Defining your process for TFBuild

This topic describes how to define a process for TFBuild, also known as Build VNext. This new build is web- and script-based and highly customizable, providing those groups of steps that allow you to build your applications without needing to be concerned with tools or languages.

There are numerous ways to define the process to suit your organization’s needs. This guide describes the simplest way to create a build definition that, when queued, ensures that your test cases are automatically executed upon completion of the build. (Learn more.)

  1. Create a Visual Studio Build.

  2. Add steps to specify what you want to build, which tests to run, and all those other steps needed to complete the process.(Learn more)

    The following scenario offers a simplified example of the setup needed for a successful build defintion that allows for automatic testing of the completed build. Refer to the Microsoft documentation for a complete description of all involved parameters.

    1. Build:

      • Visual Studio Build: Build with MSBuild and set the Visual Studio version property (Learn more.)

        • Solution: Select the solution to be built.

    2. Test:

      • Visual Studio Test: Run tests with the Visual Studio test runner. (Learn more.)

        • Test Assembly: Set the appropriate filepath for the Test Assembly argument, according to your project. Example:

    3. Utility:

      • Copy and Publish Build Artifacts: Copy build artifacts and the AUT, to a staging folder and then publish them to the server or a file share. (Learn more.)

        • Copy Root: Folder that contains the AUT files you want to copy.
        • Contents: Specify **\bin to copy AUT files in any sub-folder named bin.
        • Artifact name: Specify the name of the artifact, e.g., AUTDrop.
        • Artifact Type: A dropdown list offers you options of where to have the artifact copied. Let’s select “File share” to have it copied to a file share.
        • Path: As we’ve chosen to use a file share, we here specify the UNC file path to the share. Using variables, you can uniquely name the folder for each build. For example \\lgvn14253-w10\Drop fodler\$(Build.DefinitionName)\$(Build.BuildNumber).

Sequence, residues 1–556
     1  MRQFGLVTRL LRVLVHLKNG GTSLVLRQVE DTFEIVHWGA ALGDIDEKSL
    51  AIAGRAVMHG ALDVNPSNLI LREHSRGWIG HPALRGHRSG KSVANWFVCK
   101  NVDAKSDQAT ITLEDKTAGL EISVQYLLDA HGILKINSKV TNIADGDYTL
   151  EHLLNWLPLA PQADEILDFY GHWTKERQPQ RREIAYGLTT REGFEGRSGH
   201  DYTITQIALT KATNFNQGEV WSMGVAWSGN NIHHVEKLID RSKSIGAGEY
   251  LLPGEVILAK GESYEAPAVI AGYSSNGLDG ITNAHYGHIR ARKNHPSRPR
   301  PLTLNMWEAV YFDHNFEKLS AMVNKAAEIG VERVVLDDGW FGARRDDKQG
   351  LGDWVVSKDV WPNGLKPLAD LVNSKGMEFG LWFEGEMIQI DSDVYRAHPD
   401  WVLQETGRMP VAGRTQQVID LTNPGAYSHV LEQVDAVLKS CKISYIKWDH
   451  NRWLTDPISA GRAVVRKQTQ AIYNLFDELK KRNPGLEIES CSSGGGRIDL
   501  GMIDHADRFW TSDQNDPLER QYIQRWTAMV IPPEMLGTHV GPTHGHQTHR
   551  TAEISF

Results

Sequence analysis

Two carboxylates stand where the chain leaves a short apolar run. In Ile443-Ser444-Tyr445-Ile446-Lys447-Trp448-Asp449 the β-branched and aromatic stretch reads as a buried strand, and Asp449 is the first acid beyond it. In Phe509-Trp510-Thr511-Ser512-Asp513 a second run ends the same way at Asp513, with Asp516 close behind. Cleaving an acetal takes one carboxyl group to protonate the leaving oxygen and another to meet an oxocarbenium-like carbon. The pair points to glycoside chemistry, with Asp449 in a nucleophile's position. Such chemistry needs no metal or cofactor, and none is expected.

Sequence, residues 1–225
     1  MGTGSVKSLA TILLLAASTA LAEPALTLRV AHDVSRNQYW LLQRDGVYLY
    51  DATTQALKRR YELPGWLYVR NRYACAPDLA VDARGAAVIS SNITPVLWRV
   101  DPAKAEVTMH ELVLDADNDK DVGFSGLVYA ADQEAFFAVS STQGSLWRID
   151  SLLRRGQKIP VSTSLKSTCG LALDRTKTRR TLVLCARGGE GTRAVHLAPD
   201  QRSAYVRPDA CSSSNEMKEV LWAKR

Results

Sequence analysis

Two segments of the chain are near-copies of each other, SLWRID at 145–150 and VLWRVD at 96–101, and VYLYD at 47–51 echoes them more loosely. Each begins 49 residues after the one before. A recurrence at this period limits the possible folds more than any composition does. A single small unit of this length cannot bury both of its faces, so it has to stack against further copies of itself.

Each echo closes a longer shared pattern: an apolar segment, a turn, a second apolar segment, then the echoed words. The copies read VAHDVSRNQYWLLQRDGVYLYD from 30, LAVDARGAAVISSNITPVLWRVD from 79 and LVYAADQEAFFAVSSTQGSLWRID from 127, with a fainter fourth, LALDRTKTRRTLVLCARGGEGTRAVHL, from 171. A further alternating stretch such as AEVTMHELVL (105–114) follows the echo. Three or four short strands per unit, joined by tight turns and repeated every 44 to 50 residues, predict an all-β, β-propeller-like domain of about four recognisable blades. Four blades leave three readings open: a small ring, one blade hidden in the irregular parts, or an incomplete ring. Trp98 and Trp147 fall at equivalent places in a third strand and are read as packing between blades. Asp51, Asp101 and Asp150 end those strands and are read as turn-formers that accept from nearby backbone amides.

4. Deploy:

      • Windows Machine File Copy: Copy files to remote machine(s) (Learn more.)

        • Source: The source of the .dll files
        • Machines: Name of the resource group specifying the Windows machines used to run remotely.
        • Destination Folder: Filepath specifying the folder in each of the Windows machines to which the .dll files will be copied. Note that the folder must exist (i.e., you must create it manually). The build process will not create it.

    5. Test:

      1. Visual Studio Test Agent Deployment: Deploy and configure the test agent to run tests remotely on a set of machines. (Learn more.)

        • Test Machine Group/Azure Resource Group: A list of the machines on which the test agent is to be deployed. In this example, we specify the name of a Machine Group. (Read here to configure a Machine Group for testing.)
        • Username: The username that the test agent will use.
        • Password: The password for Username.
        • Interactive Process: This box should be checked. This is required for interacting with UI elements or starting applications during testing.
        • Update Test Agent: If checked, and the test agent is already installed on the test machines, the task will check whether a new version of the test agent is available and, if so, install it.

      2. Run Functional Tests: Run Coded UI/Selenium/Functional tests on a set of machines using the test agent. (Learn more.)

        This task must be preceded by a Visual Studio Test Agent Deployment task.

        • Test Machine Group/Azure Resource Group: A list of the machines on which the test agent is to be deployed. In this example, we specify the name of a Machine Group. (Read here to configure a Machine Group for testing.)
        • Test Drop Location: The location on the test machine(s) where the test binaries can be found, having been written there during the Windows Machine File Copy phase.

You can also create a vNext build definition in the TFS web portal.

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